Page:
You can clearly see where this can be golfed in the ?: sequence.

ES5 Snippet:

function t(d) {
    var y = 'abcdefghijklmnopqrstuvwxyz';
    return (d+'').toLowerCase().split('').map(function (l,i,a) {
        var m = a[i - 1],
            c = function (s) {
                return y.search(s)
            d = function (s,e) {
                return y.slice( c(s), c(e) ).slice(1);
       return m ? 
              l == m           ? l + 'Z' + l :
              c(m) + 1 == c(l) ? m + 'R' + l :
              c(l) + 1 == c(m) ? l + 'L' + m :
              c(m) > c(l)      ? d(l,m).split('').reverse().join('') :
              c(l) > c(m)      ? d(m,l)                              :
              0 : ''

// Demo
  document.getElementById('output').innerHTML = t(document.getElementById('input').value)
<div style="padding-left:5px;padding-right:5px;"><h2 style="font-family:sans-serif">Encoding Snippet</h2><div><div  style="background-color:#EFEFEF;border-radius:4px;padding:10px;"><input placeholder="Text here..." id="input"><button id='go'>Encode!</button></div><br><div style="background-color:#EFEFEF;border-radius:4px;padding:10px;"><span style="font-family:sans-serif;">Output:</span><br><pre id="output" style="background-color:#DEDEDE;padding:1em;border-radius:2px;overflow-x:auto;"></pre></div></div></div>

  • \$\begingroup\$ By setting y, can you use a different alphabet/set of characters? \$\endgroup\$
    – jado
    Jul 22, 2015 at 2:23
  • \$\begingroup\$ @phase yeah, that contains all the characters the program uses. \$\endgroup\$
    – Downgoat
    Jul 22, 2015 at 2:26

Python 343 334 bytes

import sys,re,string
for l in sys.stdin:
 for i,c in enumerate(s[:-1]):o=s[i+1:i+2]or c;b,d=a.index(c),a.index(o);L.extend(j(e[1])for e in[(c==o,[c,'Z',c]),(c<o,(a[b+1:d],[c,'R',o])[b+1==d]),(c>o,(a[d+1:b][::-1],[c,'L',o])[b-1==d])]if e[0])

Code on ideone.

First golf ever. Any suggestions would be great.

  • \$\begingroup\$ Welcome to the site! A couple of suggestions: Using semicolons to separate your lines instead of newlines is typically shorter, as it avoids indentation. Also, you can alias ''.join to something shorter, like j, which saves bytes because you use it twice. Take a look at this page if you want more tips. \$\endgroup\$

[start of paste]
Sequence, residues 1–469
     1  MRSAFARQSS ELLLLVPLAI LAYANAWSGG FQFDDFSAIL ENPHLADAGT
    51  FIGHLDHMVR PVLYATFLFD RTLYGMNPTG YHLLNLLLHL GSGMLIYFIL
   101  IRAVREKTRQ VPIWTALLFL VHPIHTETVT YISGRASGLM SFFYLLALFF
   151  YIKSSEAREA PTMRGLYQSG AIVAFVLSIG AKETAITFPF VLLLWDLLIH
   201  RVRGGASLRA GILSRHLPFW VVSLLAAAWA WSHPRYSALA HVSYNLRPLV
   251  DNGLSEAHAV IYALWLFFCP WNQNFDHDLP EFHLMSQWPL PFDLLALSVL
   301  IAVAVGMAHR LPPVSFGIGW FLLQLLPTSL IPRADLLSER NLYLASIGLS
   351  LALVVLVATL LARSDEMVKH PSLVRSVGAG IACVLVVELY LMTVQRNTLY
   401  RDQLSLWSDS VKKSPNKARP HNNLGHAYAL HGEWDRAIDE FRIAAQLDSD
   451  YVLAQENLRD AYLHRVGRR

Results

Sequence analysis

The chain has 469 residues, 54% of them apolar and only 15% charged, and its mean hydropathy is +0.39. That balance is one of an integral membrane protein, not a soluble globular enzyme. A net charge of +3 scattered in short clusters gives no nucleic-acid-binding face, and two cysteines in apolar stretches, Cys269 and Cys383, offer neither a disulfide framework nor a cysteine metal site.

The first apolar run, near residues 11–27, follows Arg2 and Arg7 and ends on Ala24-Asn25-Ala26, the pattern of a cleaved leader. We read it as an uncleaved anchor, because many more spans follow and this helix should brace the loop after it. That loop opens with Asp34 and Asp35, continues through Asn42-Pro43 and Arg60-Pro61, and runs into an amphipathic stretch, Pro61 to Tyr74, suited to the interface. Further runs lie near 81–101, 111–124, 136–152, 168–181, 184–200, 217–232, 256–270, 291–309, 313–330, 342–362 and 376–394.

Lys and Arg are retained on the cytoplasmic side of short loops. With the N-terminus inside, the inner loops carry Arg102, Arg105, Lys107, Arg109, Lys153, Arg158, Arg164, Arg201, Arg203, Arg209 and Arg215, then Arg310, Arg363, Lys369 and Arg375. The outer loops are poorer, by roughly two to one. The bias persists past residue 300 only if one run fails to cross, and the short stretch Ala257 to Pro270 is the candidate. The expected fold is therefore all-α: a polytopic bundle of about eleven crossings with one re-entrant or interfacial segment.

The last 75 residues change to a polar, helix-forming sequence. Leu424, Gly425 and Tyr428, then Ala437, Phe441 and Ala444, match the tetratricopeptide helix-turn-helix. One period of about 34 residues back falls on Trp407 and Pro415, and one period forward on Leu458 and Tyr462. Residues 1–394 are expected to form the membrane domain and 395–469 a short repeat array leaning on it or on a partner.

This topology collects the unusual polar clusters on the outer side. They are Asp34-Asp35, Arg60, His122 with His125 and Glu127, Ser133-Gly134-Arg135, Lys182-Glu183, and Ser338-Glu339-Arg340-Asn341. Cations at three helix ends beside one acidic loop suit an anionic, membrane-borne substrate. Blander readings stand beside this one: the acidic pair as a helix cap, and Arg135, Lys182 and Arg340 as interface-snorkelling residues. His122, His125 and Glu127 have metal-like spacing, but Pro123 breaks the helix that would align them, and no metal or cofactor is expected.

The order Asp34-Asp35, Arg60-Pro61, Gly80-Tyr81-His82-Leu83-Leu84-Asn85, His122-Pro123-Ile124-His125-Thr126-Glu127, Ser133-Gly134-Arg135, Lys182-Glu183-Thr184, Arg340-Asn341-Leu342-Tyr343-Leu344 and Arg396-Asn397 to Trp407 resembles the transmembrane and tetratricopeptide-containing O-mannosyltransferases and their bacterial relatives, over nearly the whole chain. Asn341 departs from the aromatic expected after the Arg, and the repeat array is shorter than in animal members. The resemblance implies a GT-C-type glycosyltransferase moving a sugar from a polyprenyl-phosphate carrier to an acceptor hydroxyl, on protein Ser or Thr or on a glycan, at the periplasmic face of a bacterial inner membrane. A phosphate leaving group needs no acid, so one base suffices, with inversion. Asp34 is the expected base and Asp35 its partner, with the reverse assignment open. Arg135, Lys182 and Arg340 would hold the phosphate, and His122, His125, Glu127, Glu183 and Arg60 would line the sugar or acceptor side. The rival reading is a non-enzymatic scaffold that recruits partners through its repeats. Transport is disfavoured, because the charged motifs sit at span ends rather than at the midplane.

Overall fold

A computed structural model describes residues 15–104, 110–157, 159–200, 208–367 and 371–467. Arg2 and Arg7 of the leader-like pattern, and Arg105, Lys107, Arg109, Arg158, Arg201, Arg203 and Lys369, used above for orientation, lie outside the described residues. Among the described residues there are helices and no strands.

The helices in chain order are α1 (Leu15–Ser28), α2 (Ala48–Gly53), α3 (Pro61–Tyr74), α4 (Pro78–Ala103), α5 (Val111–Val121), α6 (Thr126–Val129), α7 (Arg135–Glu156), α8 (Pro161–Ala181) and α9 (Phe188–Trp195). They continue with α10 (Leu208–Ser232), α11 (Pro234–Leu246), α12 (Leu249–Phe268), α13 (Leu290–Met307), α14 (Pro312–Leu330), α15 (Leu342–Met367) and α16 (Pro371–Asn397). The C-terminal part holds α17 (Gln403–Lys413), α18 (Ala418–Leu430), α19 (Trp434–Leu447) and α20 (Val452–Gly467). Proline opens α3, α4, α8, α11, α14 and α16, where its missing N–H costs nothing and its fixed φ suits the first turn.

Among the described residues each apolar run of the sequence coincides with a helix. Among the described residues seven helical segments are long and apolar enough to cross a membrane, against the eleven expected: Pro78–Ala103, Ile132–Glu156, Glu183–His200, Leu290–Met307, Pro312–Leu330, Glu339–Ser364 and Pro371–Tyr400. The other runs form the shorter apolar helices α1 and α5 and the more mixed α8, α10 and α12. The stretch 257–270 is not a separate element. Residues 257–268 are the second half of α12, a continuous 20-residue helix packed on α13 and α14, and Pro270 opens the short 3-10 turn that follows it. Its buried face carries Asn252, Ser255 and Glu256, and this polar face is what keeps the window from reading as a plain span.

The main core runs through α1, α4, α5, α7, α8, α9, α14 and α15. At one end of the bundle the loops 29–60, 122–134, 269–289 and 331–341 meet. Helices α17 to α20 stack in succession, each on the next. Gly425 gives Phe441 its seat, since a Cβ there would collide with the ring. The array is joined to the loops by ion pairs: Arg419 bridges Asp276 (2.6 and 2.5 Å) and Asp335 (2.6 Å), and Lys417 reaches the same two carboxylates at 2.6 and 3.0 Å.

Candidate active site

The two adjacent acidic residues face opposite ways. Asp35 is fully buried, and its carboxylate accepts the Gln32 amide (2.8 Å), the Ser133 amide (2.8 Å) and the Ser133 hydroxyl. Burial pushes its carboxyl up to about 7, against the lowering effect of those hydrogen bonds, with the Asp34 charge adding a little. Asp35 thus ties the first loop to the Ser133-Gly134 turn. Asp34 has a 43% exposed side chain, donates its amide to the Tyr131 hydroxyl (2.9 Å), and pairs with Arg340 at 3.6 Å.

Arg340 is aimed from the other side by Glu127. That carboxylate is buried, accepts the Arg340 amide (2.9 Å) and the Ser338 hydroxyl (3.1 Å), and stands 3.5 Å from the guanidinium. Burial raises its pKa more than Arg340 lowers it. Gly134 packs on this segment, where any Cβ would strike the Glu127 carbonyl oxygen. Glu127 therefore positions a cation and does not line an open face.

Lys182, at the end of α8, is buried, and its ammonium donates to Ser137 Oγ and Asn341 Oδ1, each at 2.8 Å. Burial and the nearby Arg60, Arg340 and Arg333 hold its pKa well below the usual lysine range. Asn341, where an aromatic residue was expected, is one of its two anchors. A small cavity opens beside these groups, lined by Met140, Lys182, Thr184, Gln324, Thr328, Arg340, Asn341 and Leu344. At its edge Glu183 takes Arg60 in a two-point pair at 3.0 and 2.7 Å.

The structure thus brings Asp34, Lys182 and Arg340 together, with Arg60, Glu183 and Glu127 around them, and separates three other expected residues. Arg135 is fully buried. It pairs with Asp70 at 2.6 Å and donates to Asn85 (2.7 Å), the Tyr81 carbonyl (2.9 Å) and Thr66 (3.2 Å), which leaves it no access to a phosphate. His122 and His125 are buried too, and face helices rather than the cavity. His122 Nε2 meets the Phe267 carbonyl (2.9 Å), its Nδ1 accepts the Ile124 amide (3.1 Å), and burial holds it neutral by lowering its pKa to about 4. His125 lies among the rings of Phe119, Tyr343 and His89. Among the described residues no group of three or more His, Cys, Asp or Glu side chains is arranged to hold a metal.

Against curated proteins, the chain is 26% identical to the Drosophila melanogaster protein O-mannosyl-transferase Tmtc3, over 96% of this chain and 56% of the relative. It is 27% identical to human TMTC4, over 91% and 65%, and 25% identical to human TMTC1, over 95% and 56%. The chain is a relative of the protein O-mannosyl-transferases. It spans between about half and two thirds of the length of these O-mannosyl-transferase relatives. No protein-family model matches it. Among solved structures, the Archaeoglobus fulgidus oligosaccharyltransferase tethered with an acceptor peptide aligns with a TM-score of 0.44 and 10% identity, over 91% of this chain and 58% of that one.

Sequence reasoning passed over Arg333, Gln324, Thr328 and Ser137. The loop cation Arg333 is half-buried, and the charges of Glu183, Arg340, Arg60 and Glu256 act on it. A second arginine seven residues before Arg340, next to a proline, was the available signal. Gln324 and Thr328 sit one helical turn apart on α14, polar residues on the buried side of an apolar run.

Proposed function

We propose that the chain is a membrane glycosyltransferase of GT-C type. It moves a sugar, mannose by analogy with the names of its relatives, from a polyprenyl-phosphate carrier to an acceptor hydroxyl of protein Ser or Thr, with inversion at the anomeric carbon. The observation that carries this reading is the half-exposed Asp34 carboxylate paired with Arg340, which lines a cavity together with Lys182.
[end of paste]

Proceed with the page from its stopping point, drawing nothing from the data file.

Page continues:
– isaacg
    Jul 22, 2015 at 11:12
  • \$\begingroup\$ Hi, thanks! How would I go about aliasing a built-in's method invocation to save space? For example this is illegal in all pythons str.j=str.join since 'str' is a built-in type. I could do something like j=lambda L:''.join(L) (21 bytes), but the definition alone is as twice as long as ''.join(L) (10 bytes). \$\endgroup\$
    – Winny
    Jul 22, 2015 at 11:23
  • \$\begingroup\$ It's very simple: j=''.join \$\endgroup\$
    – isaacg
    Jul 22, 2015 at 11:29
  • \$\begingroup\$ Super! I overthought that one! Thanks a bunch! \$\endgroup\$
    – Winny
    Jul 22, 2015 at 11:33

K5, 77 bytes



Explanation coming after more golfing.


Haskell, 168 bytes

import Data.Char
b#a|a==b=[a,'Z',b]|s a==b=[a,'R',b]|a==s b=[a,'L',b]|a>b=reverse$a#b|a<b=[s a..pred b]
e=concat.(tail>>=zipWith(#)).map toLower.filter isLetter


λ: e "att"
λ: e "brep"
λ: e "Optimizer"
λ: e "aabbcfcBBAa"
  • \$\begingroup\$ Nice. 1 byte to save: use both id=<< instead of concat and a list comprehension instead of map and filter: e x=id=<<(tail>>=zipWith(#))[toLower i|i<-x,isLetter i] \$\endgroup\$
    – nimi
    Jul 24, 2015 at 12:55

Haskell, 185 bytes

import Data.Char
f(a:b:c)|b==s a=q 'R'|a==s b=q 'L'|a==b=q 'Z'|a<b=[s a..p b]++n|a>b=[p a,p$p a..s b]++n where q m=a:m:b:n;n=f(b:c)
f _=[]
g x=f[toLower e|e<-x,isLetter e]

Usage: g "brep" -> "cdefghijklmnopqqponmlkjihgffghijklmno".

How it works: g throws away all non-letters and converts the letters to lower case and calls f to do the encryption. Depending on the first two characters f inserts R, L or Z or builds the sequence in-between and and appends the result of a recursive call of itself with the tail of the input.